9. A vertical cavity surface emitting laser according to claim 1, wherein the first and second mirror stacks are lower and upper mirror stacks, respectively.
10. A vertical cavity surface emitting laser comprising:
a substrate;
a first mirror stack over the substrate;
an active region having a plurality of quantum wells over the first mirror stack;
a tunnel junction over the active region, the tunnel junction including:
an n-layer that includes a modulation doped layer comprising an SiAs layer and an AlGaInAs layer; and
a p-layer that includes a p-layer of a compound selected from the group consisting of InP, AlInAs, AlInGaAs, InGaAsP, GaAs, AlAs, AlGaAs, InGaAs, AlGaAsSb, GaAsSb, AlAsSb, AlPSb, GaPSb, AlGaPSb, and combinations thereof; and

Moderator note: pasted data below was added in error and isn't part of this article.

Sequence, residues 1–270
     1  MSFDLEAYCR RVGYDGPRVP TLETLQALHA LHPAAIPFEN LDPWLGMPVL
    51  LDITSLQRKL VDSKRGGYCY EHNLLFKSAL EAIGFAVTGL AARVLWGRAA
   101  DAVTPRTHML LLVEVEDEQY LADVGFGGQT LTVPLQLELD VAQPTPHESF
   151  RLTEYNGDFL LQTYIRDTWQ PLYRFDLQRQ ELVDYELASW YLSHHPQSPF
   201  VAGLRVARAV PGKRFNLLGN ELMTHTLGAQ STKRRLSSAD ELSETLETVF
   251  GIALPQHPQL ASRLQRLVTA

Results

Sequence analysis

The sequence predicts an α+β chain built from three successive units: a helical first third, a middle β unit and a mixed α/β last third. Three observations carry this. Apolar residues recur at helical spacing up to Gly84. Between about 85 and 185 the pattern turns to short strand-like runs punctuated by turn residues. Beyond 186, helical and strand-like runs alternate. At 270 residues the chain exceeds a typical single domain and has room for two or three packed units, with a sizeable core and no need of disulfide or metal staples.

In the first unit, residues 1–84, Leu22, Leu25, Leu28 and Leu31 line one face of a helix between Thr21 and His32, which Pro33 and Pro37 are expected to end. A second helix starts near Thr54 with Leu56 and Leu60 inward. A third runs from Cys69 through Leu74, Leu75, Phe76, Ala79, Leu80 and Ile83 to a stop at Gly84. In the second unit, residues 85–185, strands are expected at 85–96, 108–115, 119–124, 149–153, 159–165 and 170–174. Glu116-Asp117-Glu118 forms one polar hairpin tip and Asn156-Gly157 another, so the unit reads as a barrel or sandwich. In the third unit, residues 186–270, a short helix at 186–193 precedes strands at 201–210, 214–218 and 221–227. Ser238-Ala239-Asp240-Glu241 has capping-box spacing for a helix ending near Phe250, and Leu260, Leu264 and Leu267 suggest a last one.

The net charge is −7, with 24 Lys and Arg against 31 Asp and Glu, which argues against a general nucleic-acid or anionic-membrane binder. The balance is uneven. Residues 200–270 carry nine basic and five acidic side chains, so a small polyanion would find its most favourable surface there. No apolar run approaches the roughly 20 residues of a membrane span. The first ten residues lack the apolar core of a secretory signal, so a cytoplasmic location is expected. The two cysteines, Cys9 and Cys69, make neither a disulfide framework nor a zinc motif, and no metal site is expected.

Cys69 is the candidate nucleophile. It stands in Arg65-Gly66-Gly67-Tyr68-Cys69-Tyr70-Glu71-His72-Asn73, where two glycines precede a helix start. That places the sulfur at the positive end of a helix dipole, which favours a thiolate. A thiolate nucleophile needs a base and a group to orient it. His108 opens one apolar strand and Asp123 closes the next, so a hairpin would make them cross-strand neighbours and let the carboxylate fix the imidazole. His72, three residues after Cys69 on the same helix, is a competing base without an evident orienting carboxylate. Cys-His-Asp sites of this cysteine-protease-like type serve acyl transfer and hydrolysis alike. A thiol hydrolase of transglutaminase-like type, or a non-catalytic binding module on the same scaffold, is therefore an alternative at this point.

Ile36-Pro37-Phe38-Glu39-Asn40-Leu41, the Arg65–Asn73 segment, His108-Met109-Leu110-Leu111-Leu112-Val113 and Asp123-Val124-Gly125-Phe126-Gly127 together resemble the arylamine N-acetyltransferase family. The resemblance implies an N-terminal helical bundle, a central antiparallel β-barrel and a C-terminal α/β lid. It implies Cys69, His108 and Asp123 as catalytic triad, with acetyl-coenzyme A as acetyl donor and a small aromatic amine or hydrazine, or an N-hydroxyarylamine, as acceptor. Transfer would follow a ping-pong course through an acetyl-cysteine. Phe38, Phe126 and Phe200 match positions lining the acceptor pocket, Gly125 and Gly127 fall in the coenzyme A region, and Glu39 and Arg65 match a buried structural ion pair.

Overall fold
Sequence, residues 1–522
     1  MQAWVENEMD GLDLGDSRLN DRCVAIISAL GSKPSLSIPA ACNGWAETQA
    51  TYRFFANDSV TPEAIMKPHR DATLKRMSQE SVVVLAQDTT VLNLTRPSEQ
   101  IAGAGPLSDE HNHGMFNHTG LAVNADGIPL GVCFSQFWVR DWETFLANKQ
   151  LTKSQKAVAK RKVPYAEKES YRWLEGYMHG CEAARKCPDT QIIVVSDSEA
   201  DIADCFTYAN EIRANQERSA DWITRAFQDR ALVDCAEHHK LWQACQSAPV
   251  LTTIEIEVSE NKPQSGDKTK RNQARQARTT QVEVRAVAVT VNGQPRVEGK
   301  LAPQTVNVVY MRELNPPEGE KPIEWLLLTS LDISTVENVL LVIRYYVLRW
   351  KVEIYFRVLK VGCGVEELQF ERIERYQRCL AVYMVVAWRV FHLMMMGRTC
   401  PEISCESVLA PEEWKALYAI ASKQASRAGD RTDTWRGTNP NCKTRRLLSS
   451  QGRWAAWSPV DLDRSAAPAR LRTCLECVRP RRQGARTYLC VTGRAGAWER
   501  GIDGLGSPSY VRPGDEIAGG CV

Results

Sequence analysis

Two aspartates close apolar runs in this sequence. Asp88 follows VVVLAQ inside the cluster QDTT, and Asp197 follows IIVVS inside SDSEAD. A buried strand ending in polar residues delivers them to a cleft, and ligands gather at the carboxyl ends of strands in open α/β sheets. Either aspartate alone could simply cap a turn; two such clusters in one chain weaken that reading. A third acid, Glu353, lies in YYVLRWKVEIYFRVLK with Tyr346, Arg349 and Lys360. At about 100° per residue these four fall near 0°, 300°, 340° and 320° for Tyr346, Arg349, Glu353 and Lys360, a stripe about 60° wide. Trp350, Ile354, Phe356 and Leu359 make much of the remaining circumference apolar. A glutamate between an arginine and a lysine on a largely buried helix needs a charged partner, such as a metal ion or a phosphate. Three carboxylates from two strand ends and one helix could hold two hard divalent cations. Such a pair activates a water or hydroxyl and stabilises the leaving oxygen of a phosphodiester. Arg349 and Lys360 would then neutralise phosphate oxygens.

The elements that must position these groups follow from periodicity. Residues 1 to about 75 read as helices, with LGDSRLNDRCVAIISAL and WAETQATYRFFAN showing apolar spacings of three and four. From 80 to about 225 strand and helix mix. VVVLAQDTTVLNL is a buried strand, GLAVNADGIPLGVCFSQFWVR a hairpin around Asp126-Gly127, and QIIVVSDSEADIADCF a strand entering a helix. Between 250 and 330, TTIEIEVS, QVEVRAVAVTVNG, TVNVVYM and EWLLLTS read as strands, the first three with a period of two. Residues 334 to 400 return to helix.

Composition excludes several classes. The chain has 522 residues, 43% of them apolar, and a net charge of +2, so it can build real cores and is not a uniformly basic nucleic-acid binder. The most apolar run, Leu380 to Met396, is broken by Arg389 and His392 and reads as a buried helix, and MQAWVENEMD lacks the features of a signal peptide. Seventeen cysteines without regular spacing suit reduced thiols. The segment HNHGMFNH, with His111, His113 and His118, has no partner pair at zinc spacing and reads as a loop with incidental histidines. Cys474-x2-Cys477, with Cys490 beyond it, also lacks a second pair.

a second mirror stack over the tunnel junction.
11. A vertical cavity surface emitting laser according to claim 10, wherein the thickness of the SiAs layer is about 1/1000 of the AlGaInAs layer.
12. A vertical cavity surface emitting laser according to claim 10, wherein an effective doping concentration of the modulation doped layer is greater than 1×1019 cm−3.
13. A tunnel junction including a modulation doped layer that comprises an AlInAs layer epitaxially grown as a digital alloy of p-type doped AlAs and InAs.
14. A tunnel junction according to claim 13, wherein the modulation-doped layer is doped with an effective carrier concentration greater than 1×1019 cm−3.
15. A tunnel junction according to claim 13, wherein a total thickness of the modulation-doped layer is in a range of about 0.1 nm˜about 2 nm.